Power ultimately rests not in the grip of presidents, generals, and billionaires, but in the hands of millions of ordinary people who keep society running smoothly on a day-to-day basis, and who can shut it down should they so choose. This is the meaning of the slogan “people power.”
One of the main reasons that so many injustices persist is not that the powerful can simply do whatever they want with impunity, but that most people are ignorant of the power they can wield by withdrawing their consent (see: Tactic: General strike).
This understanding of power has been repeatedly vindicated in recent decades, as numerous dictators and extremely repressive regimes have been toppled by unarmed people with minimal violence but much courage and creativity. These successful nonviolent struggles simply cannot be explained by someone who sees violence as the only, or even the primary, mechanism of power.
How to Use a Pillars of Power Analysis
- Draw a building, represented by a roof that is a simple triangle, with pillars holding it up. Label the roof with the name of the system, regime, or issue you are working on.
- Identify the “pillars” that constitute the institutions that support the target (educational institutions, the media, the military, corporations, etc.). Start generally, but refine and specify as much as you can about each pillar. For example, if you identify the police or the military as a major pillar generally, then sub-labelling them more specifically “Capitol District Police” or “President’s Special Forces” will give you a more precise picture of the issue and a better framework for strategic planning.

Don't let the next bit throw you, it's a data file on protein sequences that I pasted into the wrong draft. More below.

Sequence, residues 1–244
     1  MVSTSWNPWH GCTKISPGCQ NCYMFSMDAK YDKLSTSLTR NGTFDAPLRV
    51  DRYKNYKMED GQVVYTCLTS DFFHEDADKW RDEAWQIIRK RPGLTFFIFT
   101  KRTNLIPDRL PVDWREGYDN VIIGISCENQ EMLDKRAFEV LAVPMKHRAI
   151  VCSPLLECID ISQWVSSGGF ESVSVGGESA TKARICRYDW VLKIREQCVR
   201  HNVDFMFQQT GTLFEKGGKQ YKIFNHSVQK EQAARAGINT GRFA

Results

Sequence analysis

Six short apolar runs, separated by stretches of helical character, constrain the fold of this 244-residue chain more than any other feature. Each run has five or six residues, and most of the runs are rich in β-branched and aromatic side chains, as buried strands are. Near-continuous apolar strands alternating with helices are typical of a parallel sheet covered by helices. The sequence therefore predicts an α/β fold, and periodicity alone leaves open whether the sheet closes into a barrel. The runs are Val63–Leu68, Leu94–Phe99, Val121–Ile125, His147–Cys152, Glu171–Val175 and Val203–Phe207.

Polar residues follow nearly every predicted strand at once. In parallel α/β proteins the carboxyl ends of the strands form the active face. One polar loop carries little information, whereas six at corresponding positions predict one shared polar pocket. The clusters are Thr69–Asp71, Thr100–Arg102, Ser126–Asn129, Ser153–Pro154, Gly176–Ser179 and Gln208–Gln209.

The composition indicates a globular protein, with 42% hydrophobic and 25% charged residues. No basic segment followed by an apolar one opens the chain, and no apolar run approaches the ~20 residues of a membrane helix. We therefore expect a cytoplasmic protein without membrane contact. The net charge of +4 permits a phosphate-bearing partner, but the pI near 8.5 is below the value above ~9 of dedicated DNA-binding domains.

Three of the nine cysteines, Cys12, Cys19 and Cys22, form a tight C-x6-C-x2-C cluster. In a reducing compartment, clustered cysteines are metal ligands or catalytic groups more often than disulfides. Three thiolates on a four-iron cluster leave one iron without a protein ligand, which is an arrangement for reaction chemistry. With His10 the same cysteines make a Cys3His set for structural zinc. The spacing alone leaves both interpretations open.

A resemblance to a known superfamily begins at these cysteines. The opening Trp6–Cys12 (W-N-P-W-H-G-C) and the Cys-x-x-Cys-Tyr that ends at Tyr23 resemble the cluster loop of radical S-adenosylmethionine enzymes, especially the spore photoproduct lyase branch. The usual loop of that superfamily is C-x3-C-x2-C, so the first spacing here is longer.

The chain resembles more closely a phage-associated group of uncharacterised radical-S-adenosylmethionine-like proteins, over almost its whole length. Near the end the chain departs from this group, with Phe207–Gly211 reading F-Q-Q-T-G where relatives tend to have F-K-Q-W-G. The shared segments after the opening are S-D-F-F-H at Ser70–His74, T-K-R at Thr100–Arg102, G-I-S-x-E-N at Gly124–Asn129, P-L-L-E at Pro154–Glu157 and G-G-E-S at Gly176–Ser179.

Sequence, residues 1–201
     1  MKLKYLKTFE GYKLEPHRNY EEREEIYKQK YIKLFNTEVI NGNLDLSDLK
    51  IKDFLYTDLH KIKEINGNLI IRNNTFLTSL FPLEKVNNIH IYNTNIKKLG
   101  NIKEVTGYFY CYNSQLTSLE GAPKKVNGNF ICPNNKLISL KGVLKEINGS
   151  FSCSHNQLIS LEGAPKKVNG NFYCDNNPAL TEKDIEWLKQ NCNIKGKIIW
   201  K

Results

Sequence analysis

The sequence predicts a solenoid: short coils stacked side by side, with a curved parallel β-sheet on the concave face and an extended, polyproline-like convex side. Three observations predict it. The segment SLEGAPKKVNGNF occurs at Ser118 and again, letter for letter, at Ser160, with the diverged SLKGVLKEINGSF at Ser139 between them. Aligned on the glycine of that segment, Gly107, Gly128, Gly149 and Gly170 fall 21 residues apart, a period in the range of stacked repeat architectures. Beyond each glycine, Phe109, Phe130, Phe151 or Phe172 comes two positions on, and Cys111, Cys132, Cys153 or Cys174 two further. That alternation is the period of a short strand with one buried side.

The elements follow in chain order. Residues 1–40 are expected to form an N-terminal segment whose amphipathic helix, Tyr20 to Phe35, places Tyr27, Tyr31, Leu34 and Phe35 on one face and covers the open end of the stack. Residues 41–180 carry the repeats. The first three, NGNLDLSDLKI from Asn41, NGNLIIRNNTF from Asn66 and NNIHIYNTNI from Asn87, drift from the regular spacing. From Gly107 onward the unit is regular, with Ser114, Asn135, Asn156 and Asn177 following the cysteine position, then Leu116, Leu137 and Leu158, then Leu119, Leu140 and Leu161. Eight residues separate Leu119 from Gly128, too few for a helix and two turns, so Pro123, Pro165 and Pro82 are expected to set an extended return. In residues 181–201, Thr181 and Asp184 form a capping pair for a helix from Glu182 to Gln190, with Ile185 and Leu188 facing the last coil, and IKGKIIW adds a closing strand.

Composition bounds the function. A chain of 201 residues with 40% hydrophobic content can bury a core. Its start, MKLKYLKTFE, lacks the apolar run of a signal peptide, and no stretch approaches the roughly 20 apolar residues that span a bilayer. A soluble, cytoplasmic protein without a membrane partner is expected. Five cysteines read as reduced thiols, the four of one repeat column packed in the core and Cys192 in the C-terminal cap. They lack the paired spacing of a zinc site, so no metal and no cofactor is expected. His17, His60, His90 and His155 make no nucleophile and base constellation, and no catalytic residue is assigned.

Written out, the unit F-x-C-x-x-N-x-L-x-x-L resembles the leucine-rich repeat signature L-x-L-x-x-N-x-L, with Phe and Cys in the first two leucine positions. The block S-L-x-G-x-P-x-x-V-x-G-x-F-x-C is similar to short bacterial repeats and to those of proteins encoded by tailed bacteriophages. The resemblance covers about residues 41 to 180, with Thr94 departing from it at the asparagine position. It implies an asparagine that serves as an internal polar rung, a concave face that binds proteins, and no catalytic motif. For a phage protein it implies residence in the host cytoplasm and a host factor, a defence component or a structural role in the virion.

- Take a moment to identify which pillars are most critical to holding up the system. Perhaps some pillars are bigger than others in your drawing, representing the relative strength of one institution in supporting the system to another lesser institution.
Then, compare and identify your ability to impact or reach whomever makes up the pillars that are both critical to the system and vulnerable to your impact. These are the places where your campaign has great potential.
The pillars of power are the institutions that support the system or issue you are addressing.
- One way to determine where you may have the most potential to impact the strength of a pillar is by analysing the internal construction of each pillar. Start by drawing a circle that represents a cross section of the pillar, with concentric circles that you can label with the individuals or groups that compose the pillar itself. Be specific about elements of the support structures, with the center being the most impacted or powerful (the dictator or general might be in the center of the military pillar, with other leadership in the next circle, then regular troops, then veterans, military families, etc.). As you move out from the center, the power the groups or individuals hold changes, and their connection or loyalty to the institution often diminishes. This will help you visually assess where you could have the most impact on a pillar, and which constituencies you may be able to reach as you try to break down support for the system.